On May 7, 2005, Katsuhiko participated in the 2005 Differ Cup, a biennial cross-promotional junior heavyweight tag team tournament, teaming with Osaka Pro's Takehiro Murahama; the two lost to Super Shisa and Tiger Emperor in the first round.[17] He also teamed with Tomoaki Honma in a tournament throughout June 2005 to decide the vacant All Asia Tag Team Championship, making it to the finals before losing to Shuji Kondo & "brother" YASSHI.[18] Just over one month later on July 26, 2005, Nakajima and Kensuke Sasaki defeated Kondo and YASSHI for the titles in their second defense, giving Nakajima his first championship.[19] They would continue to defend the titles through 2005, against such teams as Arashi & Ryuji Hijikata[20] and Buchanan & D'Lo Brown.[21]

On July 18, 2005, Nakajima made his debut in Pro Wrestling Noah, wrestling in a six-man tag team match in the Tokyo Dome. He would continue by teaming with Kensuke Sasaki against Kenta Kobashi and his own protégé Go Shiozaki in an inter-generation tag team match on November 5, 2005, with Sasaki pinning Shiozaki after a lariat.[3] This match was rated 4Template:Fraction out of 5 stars by wrestling journalist Dave Meltzer, one of only eight NOAH matches to receive that or a higher rating.[22]

Nakajima made his debut for Pro Wrestling ZERO1-MAX on July 9, 2005, winning a six-man junior tag team match.[23] He went on to defeat Osamu Namiguchi on August 31 for his first singles title, the WWA World Junior Light Heavyweight Championship, though whether this can be considered part of the title's official lineage is disputed.[24] He held it until June 24, 2006, losing the title to premier ZERO1-MAX junior Tatsuhito Takaiwa.[25] This is to date Nakajima's last appearance with the promotion.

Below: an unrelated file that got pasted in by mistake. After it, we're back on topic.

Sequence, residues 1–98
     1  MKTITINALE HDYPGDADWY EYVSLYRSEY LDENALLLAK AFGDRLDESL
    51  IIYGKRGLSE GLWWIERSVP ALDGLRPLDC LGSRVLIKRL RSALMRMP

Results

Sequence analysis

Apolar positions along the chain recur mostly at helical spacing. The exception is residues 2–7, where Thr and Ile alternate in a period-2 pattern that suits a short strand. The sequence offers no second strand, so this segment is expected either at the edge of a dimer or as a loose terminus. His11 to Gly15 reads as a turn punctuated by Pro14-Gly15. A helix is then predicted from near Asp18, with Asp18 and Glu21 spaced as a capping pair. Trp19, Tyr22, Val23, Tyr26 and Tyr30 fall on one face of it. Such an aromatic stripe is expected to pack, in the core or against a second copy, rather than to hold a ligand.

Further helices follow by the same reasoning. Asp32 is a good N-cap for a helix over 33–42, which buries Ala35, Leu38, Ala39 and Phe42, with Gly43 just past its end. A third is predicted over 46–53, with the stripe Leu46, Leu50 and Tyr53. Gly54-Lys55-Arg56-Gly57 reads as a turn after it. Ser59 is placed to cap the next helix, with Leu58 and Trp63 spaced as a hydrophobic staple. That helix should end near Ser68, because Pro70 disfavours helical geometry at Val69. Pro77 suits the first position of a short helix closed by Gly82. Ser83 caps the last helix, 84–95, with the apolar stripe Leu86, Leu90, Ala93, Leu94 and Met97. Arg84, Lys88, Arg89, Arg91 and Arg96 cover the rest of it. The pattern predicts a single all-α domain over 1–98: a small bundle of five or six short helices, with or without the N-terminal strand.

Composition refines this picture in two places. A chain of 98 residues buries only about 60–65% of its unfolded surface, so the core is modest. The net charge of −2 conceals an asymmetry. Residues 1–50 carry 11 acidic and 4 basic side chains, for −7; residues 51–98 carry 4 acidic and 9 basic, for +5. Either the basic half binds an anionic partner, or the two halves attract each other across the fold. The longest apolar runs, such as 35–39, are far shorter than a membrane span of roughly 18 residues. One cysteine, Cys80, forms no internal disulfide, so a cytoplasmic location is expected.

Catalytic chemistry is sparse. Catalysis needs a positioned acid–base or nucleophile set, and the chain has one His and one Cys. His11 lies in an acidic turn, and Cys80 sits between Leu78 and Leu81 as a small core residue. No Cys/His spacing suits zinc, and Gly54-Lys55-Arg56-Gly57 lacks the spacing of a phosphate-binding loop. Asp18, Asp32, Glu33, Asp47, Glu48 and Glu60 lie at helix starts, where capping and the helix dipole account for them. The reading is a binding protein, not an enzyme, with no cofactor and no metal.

2006

On February 11, 2006 at a Kensuke Office show celebrating Kensuke Sasaki's 20th career anniversary, Nakajima teamed with Genichiro Tenryu against the "dream team" of Kenta Kobashi and Kensuke Sasaki, falling to a Sasaki lariat.[26] On March 21, 2006, Nakajima won a three-way elimination match in AJPW, defeating both Tomoaki Honma and NOSAWA Rongai to earn a spot in Block B of the prestigious 2006 Champion Carnival,[27] becoming the youngest man to participate in the tournament.[7] Nakajima finished in last place in the block with two points by defeating D'Lo Brown. On April 19, 2006, Nakajima entered Big Mouth Loud (BML), losing to company ace Katsuyori Shibata.[28] The following month, Nakajima and Kensuke Sasaki battled in Big Japan Pro Wrestling (BJW), defeating Big Japan's Daisuke Sekimoto and Dramatic Dream Team's (DDT) Daichi Kakimoto in a tag team match when Nakajima pinned Kakimoto.[29]

Nakajima then participated in the 2006 Junior League tournament from June 25, 2006 to July 3, 2006, to decide a challenger for the Junior Heavyweight Championship; Katsuhiko won his block with five points, before losing in the final to Kaz Hayashi.[30] On July 2, 2006, Nakajima's partner Kensuke Sasaki suffered a left eye fracture in a match against Katsuyori Shibata in BML, taking him out of action for the foreseeable future and forcing the team to vacate the All Asia Tag Team Championship on October 29, 2006 after holding the titles since July 2005.[31]

On October 15, 2006, Katsuhiko Nakajima and Kaz Hayashi were announced as one of seven teams in the 2006 World's Strongest Tag Determination League, to take place in December 2006. They had a strong showing in the tournament, defeating such teams as NOSAWA Rongai & Triple Crown Heavyweight Champion Minoru Suzuki and RO'Z & Suwama and drawing with Taiyō Kea & TAKA Michinoku, finishing with 5 points overall.[32] On November 14, 2006, Nakajima wrestled in the main event of the debut show of the Global Professional Wrestling Alliance, a cooperation of several different promotions, teaming with NOAH's Go Shiozaki and El Dorado's Takuya Sugawara to defeat ZERO1-MAX's Ryouji Sai, Dramatic Dream Team's HARASHIMA and Kaientai Dojo's KAZMA.[33]

2007

File:Katsuhiko Nakajima and Chris Sabin.jpg